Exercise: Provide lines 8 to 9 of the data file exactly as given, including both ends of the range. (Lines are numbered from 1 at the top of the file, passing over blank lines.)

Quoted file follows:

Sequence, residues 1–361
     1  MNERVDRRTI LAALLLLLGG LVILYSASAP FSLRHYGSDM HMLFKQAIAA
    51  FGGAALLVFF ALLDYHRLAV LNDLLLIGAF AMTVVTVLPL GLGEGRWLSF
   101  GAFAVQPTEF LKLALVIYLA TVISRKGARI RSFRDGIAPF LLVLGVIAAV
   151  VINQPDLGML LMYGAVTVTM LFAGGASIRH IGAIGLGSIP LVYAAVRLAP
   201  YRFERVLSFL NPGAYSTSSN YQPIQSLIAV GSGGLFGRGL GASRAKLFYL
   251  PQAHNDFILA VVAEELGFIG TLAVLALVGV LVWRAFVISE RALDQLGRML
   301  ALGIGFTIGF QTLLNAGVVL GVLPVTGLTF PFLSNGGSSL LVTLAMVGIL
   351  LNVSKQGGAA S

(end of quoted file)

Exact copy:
   301  ALGIGFTIGF QTLLNAGVVL GVLPVTGLTF PFLSNGGSSL LVTLAMVGIL
   351  LNVSKQGGAA S